Ronald Rolheiser asks a great question: How do we know if we are tasting hell or experiencing birth pangs?  He answers it with further questions for our own examin:  Do our frustrations unleash what's worst in us or do they cauterize our worst sins and teach us a humility that cannot otherwise be learned? {Do the hardships of} love demand more distance from others or {bring us closer}?  Does passion turn love into idolatry, or does it reveal its divine fire?
            So now let us go back to St Benedict.  He says if we want to reach eternal life, find the happiness of heaven, and avoid the torments of hell, it is to be accomplished “by the light of life”.  What else is this Light but Jesus Christ?    It is through the oil of mindfulness that the lamp is lit.  This light will not only enlighten our darkened mind but lighten our heavy hearts.  This “Light of Life” is the spark of divine love that causes our oil to burn.  We are the still, silent wick immersed in this oil. We can hold the flame because we have guarded our minds and hearts.   We can choose to be the small ‘wick’ carrying the great flame or to be (excuse the pun) simply ‘wick-ed’.  We are to choose life or death…and thus choose heaven or hell!   Let us encourage each other to run together and reach eternal life, that Light of Life.  Let Christ set fire to your mind and to your heart…all we need to do is remember the oil!!...and be the wick that carries this Great Flame.

January 18, 2015

Our True Vocation in Life

Mother Rebecca
 January 18, 2015
2nd Sunday in Ordinary Time 

  In the Prologue of our Rule, St Benedict tells us that it is the Lord who seeks us and calls us to our    monastic vocation.   Benedict has all the action and emphasis on Christ, which wakes us up to the fact that our call is a precious gift given to us.   In verse 14, “The Lord calls out to us and lifts his voice      again: Is there anyone here who longs for life…”  And also in vs 19, “what is more delightful than      this voice of the Lord calling to us?”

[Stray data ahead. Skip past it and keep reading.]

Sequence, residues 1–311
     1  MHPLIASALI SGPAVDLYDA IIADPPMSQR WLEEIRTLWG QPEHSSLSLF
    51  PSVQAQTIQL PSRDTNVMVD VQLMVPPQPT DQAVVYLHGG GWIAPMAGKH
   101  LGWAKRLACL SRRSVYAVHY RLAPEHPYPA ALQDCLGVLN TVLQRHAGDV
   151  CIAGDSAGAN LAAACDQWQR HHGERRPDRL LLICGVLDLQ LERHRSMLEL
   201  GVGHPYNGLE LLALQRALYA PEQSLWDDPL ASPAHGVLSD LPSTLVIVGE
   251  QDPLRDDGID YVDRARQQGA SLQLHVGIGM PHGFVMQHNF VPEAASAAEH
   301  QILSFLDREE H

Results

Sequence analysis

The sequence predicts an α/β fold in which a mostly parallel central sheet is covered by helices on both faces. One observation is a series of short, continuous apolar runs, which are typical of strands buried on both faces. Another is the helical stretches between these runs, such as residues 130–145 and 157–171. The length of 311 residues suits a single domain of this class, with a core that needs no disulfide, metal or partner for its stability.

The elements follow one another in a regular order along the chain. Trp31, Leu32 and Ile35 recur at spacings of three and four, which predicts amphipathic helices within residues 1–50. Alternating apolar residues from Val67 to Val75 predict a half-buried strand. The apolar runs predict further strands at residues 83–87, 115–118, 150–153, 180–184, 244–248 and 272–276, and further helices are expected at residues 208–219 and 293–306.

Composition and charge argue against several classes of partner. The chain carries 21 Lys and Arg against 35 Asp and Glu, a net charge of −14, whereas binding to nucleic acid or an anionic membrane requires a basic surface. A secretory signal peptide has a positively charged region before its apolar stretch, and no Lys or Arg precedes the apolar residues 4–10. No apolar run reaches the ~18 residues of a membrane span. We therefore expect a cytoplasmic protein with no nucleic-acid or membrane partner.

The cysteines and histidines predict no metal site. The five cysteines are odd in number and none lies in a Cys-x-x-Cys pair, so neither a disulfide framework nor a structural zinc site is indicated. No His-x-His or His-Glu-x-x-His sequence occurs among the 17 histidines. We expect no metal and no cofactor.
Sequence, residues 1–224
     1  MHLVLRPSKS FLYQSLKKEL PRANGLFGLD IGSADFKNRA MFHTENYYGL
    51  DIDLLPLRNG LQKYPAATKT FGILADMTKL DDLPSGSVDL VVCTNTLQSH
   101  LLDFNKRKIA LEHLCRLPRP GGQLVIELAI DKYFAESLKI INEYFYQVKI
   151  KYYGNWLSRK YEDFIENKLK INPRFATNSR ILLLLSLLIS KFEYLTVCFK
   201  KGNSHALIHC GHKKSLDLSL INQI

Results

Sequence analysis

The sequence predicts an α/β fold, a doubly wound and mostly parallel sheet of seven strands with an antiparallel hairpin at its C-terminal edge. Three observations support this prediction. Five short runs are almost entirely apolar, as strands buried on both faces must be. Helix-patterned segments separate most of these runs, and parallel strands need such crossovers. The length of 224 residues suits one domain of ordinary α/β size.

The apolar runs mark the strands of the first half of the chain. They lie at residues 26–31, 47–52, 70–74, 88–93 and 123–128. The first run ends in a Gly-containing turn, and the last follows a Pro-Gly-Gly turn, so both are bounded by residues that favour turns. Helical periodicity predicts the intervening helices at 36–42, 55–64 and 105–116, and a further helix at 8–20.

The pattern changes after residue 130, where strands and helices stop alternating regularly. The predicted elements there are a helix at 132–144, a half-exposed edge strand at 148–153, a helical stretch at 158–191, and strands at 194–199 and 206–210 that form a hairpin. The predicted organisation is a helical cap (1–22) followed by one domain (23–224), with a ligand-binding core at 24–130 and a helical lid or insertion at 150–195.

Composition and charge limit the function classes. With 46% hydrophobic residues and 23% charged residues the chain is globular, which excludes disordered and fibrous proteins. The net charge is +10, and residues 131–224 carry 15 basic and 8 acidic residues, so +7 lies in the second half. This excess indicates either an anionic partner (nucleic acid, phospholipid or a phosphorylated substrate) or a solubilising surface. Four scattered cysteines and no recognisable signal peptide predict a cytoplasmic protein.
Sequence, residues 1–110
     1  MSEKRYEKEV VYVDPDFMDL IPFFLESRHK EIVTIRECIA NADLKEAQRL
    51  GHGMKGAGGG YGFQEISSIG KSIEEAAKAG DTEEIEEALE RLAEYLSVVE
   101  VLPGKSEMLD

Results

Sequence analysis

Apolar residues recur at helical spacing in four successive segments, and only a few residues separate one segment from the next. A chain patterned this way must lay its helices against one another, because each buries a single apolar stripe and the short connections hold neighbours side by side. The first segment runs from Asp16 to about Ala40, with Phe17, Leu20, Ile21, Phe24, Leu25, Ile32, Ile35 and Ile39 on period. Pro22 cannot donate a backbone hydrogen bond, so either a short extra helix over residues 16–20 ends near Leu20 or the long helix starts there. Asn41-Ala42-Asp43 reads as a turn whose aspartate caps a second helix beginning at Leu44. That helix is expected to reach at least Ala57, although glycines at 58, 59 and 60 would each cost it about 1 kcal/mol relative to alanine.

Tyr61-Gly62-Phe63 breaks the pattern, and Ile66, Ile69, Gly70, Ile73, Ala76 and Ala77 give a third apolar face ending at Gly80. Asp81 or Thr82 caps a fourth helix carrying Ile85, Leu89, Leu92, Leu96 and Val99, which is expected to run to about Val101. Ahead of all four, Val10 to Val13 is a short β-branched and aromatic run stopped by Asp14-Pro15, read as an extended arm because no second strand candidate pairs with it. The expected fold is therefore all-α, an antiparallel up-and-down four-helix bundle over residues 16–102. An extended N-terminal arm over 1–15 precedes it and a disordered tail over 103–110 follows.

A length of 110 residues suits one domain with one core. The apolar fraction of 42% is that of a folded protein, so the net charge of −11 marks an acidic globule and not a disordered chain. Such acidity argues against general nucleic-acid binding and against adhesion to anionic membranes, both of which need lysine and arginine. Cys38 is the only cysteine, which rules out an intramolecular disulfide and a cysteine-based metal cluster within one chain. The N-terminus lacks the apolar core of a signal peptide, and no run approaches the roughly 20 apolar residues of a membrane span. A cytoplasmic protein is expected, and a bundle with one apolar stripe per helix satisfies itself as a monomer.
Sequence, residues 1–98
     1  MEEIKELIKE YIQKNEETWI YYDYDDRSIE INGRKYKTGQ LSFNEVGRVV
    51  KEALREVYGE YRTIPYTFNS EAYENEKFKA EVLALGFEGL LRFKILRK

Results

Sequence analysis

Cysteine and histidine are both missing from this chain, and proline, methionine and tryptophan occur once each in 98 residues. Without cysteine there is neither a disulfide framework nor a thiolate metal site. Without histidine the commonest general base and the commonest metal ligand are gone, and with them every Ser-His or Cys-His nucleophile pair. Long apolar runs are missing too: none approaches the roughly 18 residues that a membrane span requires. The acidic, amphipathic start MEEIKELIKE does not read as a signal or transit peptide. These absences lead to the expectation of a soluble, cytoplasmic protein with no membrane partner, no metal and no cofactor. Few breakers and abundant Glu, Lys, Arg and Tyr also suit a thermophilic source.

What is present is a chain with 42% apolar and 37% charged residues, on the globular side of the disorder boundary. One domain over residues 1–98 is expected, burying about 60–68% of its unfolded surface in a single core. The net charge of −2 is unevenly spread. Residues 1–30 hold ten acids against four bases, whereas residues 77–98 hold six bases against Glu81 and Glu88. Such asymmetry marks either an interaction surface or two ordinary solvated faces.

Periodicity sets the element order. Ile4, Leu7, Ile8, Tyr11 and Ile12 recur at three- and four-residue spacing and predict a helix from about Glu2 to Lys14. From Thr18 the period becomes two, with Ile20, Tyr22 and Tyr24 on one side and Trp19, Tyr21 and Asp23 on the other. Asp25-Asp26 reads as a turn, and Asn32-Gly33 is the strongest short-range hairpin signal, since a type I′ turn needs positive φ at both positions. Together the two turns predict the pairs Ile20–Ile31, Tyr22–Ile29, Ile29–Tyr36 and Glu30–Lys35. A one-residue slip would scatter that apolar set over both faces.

We tend to think of our “call” as those few, but major, vocational choices in life – the big         things like becoming a nun, getting married, or pursuing a career.  But “the call” in today’s readings    tell us something different.  Samuel’s call from the Lord was simply…to listen!  Andrew’s call was to “come and see”.   Samuel’s call from God was not “Samuel, be a judge for Israel” or “Your vocation   is to be a prophet”.  Rather, through fidelity to this one action of listening, all these other things           would unfold.   If he had not been faithful to this call to listen, he never would have become a judge    or prophet.  These were secondary and contingent on that initial call…his first and foremost task was  to listen.  He did turn out to be the last judge for Israel and a prophet, but what made him great was     his unwavering obedience and his loyalty to God.  Samuel never let what other people thought of him sway him from what he heard God speak.  In his daily life Samuel spoke what God spoke.